Phoenix canariensis

Canary Island date palm
California’s most common large palm. Dramatic heirloom plant. Orange fruit. Seaside to desert conditions. Drought-tolerant by coast. Vulnerable to fatal fusarium wilt disease & palm weevil.
height 20–60
width 12–25
tolerates Coast, Cold, Cool Summers, Drought, Fog, Heat, Pots, Neglect, Wind
Low – Moderate
Not all palms love water! This one is actually drought-tolerant and can live quite happily on little or no water once it’s established, though it’ll grow more slowly and may not look as lush. To keep your palm looking its best, be sure to water it consistently and deeply while it’s getting established, then after a few years give it a good deep soaking every couple of weeks. It will also be happy to have more water, provided the soil drainage is adequate.
exposure Full Shade – Full Sun
drainage In Ground: Cactus Mix, In Pots: Cactus Mix, Tolerates Sandy Soil
fertilizing Palm Fertilizer
origin Canary Islands
8, 9, 12–H2

Sunset Zones Map

Outdoor Exposure Guide


Full Sun
Six or more hours of sun beams directly landing on the plant's leaves.

Part Shade
Three to five hours of sun beams directly landing on the plant's leaves.

Part Sun
One to two hours of sun beams directly landing on the plants leaves.

Full Shade
The plant is never fully lit by sun beams, but is in a bright spot or has dappled sunbeams playing over the leaves throughout the day.

Deep Shade
The plant never has dappled light on the leaves, and is in a place that feels dim, even on a nice sunny day.


Growing Notes

We no longer offer this wonderful plant because it’s vulnerable to dying from fusarium wilt disease, a fungal infection that has killed thousands. It is also vulnerable to a palm weevil that has begun to kill trees in the San Diego area.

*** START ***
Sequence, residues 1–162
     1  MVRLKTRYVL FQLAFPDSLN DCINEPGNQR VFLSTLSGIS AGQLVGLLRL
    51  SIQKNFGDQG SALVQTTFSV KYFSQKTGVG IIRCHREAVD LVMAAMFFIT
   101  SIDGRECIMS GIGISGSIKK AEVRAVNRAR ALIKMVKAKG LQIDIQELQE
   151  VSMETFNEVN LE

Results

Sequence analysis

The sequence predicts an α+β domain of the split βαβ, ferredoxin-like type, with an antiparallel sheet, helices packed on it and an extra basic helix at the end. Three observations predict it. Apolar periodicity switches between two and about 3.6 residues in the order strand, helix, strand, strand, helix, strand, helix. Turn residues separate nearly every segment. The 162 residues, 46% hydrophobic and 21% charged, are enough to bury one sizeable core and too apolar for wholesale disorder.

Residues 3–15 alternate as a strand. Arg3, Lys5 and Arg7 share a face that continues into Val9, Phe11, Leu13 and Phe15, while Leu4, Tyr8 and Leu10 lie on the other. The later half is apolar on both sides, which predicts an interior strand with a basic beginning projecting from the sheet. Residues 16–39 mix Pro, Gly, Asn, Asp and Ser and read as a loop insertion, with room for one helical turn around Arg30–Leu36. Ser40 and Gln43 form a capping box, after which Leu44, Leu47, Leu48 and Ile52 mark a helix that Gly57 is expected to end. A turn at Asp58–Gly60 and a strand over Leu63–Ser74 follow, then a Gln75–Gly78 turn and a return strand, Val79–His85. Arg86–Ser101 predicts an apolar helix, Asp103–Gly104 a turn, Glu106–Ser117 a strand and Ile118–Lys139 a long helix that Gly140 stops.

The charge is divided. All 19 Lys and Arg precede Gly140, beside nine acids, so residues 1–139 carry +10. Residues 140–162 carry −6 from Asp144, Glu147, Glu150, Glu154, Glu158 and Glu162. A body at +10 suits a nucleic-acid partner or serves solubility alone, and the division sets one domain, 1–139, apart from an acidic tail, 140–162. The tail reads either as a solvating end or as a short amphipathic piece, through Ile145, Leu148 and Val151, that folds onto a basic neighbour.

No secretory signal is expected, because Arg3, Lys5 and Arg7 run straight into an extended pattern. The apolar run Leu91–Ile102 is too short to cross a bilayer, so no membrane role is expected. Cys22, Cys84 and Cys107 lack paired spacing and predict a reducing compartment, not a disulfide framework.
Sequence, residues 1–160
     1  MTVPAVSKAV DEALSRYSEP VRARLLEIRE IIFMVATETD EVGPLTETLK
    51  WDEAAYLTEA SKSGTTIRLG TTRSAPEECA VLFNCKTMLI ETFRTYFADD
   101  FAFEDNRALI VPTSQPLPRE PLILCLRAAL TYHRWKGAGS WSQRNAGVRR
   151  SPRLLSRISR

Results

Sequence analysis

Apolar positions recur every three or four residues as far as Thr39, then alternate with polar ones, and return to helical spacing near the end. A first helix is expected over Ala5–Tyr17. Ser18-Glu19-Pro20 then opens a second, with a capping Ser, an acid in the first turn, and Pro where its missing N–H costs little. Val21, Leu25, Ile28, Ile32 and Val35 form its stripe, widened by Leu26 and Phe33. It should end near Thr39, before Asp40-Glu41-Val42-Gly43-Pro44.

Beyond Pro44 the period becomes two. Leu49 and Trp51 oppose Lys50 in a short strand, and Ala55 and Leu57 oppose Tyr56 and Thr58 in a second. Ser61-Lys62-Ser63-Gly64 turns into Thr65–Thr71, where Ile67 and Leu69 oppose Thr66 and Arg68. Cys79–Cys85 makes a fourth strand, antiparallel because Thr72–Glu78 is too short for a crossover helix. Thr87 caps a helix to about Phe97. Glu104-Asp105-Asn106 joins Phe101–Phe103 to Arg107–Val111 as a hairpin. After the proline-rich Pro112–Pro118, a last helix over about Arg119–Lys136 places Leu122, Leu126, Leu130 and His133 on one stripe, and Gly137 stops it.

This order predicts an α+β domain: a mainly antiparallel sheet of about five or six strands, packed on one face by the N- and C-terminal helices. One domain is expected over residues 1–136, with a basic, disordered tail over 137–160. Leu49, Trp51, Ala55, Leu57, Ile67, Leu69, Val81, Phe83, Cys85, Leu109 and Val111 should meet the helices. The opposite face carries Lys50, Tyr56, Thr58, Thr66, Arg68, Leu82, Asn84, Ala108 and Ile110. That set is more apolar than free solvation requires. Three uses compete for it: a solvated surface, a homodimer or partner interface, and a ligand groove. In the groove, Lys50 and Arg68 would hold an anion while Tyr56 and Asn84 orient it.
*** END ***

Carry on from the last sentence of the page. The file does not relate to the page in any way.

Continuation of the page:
Palms are generally heavy feeders, so if you want them growing quickly and looking their best, they should be fertilized at least three times a year. Fertilizing at spring equinox, summer solstice and fall equinox will allow for a winter rest. Be sure to feed your palm with a fertilizer that contains micronutrients (especially including magnesium), especially if you see yellowing leaves or yellow spots on the leaves.
Once leaves get older and begin to droop and brown cut them back as close to the trunk as possible. Be sure use sterilized tools as this palm is susceptible to fusarium wilt which can be spread through pruning a diseased palm. Once a Canary palm begins to die from fusarium, presenting as crisping leaves starting from the bottom of the crown, there is no recovery. Every five to ten years you may opt to have a professional arborist clean up the trunk to maintain the iconic Canary shape.
This solitary palm will grow only one trunk during its lifetime. If you have a pot with multiple trunks in it, that’s because multiple separate palm trees were germinated in the pot. The good news is that you won’t need to thin out suckers over time to maintain the number of trunks you started out with. Generally, due to its scale and form, this palm looks best as a single specimen.
Yellowing leaves are a symptom of either too much water, not enough drainage, or a lack of nutrients.
Young plants can live in containers for many years.

Special Interest

This palm anchors the oasis-style garden, especially when it’s mixed with cactus and other drought-tolerant plants like euphorbias. It also makes a compelling addition to the Mediterranean garden when mixed with lavender, rosemary, and olives.